Biodiversity and Conservation

, Volume 19, Issue 10, pp 2963–2977 | Cite as

Changing conservation strategies in Europe: a framework integrating ecosystem services and dynamics

  • John R. Haslett
  • Pam M. Berry
  • Györgyi Bela
  • Rob H. G. Jongman
  • György Pataki
  • Michael J. Samways
  • Martin Zobel
Original Paper


Protecting species and their habitats through the designation and management of protected areas is central to present biodiversity conservation efforts in Europe. Recent awareness of the importance of ecosystem dynamics in changing environments and of human needs for the sustainable provision of ecosystem services expose potential weaknesses in current European conservation management strategies and policy. Here we examine these issues in the light of information gained from reviews, workshops, interviews and discussions undertaken within the RUBICODE project. We present a new conceptual framework that joins conventional biodiversity conservation with new requirements. The framework links cultural and aesthetic values applied in a static environment to the demands of dynamic ecosystems and societal needs within social–ecological systems in a changing Europe. We employ this framework to propose innovative ways in which ecosystem service provision may be used to add value to traditional conservation approaches by supporting and complementing present European biodiversity conservation strategy and policy while remaining within the guidelines of the Convention on Biological Diversity.


Biodiversity conservation Ecosystem services Habitat management Policy-science interface Protected area networks social–ecological systems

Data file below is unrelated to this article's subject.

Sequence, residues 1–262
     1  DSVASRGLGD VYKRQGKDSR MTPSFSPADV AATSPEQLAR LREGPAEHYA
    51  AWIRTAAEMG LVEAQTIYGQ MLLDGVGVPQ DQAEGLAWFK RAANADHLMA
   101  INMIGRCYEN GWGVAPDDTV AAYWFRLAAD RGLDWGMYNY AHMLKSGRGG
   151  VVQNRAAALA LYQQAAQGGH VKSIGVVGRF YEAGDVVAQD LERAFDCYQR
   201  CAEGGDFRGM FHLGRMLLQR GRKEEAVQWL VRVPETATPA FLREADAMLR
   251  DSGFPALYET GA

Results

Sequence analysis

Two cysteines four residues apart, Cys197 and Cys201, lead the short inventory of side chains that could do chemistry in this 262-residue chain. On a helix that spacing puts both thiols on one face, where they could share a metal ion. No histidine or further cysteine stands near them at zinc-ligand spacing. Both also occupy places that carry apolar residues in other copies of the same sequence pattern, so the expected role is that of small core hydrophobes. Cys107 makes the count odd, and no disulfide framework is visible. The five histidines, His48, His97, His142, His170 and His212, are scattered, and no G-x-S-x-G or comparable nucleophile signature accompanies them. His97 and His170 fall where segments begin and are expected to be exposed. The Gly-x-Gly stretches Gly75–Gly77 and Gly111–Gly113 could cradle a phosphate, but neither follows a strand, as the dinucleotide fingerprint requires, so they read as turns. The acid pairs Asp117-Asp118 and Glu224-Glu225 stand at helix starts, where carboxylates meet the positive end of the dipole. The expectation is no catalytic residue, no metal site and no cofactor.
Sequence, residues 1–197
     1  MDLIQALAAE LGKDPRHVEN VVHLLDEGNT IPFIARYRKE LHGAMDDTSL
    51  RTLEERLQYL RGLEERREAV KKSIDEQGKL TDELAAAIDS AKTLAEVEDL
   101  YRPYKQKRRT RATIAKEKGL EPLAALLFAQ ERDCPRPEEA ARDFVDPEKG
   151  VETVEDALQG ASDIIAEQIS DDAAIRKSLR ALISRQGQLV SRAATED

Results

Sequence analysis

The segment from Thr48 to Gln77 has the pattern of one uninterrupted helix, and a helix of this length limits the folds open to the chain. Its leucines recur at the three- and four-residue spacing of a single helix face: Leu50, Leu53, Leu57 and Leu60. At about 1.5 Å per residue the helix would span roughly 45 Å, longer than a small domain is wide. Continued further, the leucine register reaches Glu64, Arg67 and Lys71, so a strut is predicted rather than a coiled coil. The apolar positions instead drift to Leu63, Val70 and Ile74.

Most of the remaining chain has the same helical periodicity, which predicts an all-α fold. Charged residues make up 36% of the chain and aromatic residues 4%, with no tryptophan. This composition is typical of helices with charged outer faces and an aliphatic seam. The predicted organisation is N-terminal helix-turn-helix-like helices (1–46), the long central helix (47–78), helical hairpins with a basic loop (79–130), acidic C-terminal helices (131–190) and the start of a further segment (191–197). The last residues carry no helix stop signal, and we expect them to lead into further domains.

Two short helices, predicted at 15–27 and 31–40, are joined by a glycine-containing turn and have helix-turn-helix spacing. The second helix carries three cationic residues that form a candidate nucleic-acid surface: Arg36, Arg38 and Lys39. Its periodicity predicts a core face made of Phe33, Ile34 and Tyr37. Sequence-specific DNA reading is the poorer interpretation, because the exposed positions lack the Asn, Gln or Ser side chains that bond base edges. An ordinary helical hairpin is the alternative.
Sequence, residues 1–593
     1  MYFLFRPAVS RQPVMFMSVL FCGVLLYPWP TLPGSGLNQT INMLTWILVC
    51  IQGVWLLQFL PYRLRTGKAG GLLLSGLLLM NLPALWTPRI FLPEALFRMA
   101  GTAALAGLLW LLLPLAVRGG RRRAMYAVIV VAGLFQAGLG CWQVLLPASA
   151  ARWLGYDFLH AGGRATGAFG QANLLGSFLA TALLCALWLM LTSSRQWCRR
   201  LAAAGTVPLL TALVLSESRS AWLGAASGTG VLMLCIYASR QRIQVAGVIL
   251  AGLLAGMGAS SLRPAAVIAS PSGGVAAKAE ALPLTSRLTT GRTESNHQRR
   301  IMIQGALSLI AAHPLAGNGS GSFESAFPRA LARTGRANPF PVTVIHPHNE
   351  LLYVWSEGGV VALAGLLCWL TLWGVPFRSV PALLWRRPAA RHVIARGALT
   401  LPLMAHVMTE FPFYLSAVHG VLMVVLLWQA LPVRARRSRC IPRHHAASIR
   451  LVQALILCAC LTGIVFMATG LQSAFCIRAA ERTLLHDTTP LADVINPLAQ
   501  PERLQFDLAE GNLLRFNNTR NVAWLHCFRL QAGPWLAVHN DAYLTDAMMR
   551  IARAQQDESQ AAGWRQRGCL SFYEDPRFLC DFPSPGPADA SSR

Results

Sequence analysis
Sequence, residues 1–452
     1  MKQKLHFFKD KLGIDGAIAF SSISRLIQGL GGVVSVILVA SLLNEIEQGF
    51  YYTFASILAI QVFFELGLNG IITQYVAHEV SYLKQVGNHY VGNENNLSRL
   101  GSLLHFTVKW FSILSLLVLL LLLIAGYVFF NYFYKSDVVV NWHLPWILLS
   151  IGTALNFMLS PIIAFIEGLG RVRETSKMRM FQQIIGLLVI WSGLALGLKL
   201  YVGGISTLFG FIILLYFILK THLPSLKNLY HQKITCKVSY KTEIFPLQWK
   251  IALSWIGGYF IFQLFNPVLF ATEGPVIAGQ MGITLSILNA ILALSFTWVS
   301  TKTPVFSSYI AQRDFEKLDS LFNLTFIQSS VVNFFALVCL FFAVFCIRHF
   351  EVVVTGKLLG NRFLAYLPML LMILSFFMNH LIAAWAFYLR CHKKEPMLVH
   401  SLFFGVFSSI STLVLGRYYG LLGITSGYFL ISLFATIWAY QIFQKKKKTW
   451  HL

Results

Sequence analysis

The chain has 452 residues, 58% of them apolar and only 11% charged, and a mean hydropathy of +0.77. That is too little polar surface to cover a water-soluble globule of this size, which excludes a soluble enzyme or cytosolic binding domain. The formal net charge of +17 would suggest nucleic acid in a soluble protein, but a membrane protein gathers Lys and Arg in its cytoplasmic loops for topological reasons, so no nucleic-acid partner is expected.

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Copyright information

© Springer Science+Business Media B.V. 2010

Authors and Affiliations

  • John R. Haslett
    • 1
  • Pam M. Berry
    • 2
  • Györgyi Bela
    • 3
  • Rob H. G. Jongman
    • 4
  • György Pataki
    • 3
  • Michael J. Samways
    • 5
  • Martin Zobel
    • 6
  1. 1.Department of Organismal Biology, Division of Zoology and Functional AnatomyUniversity of SalzburgSalzburgAustria
  2. 2.Environmental Change InstituteOxford University Centre for the EnvironmentOxfordUK
  3. 3.Environmental Social Science Research Group (ESSRG), Department of Environmental EconomicsSzent István UniversityGödöllőHungary
  4. 4.Alterra, Wageningen University and Research CentreWageningenThe Netherlands
  5. 5.Department of Conservation Ecology and Entomology, and Centre for Agricultural Biodiversity, Faculty of AgrisciencesUniversity of StellenboschStellenboschSouth Africa
  6. 6.Institute of Ecology and Earth SciencesUniversity of TartuTartuEstonia

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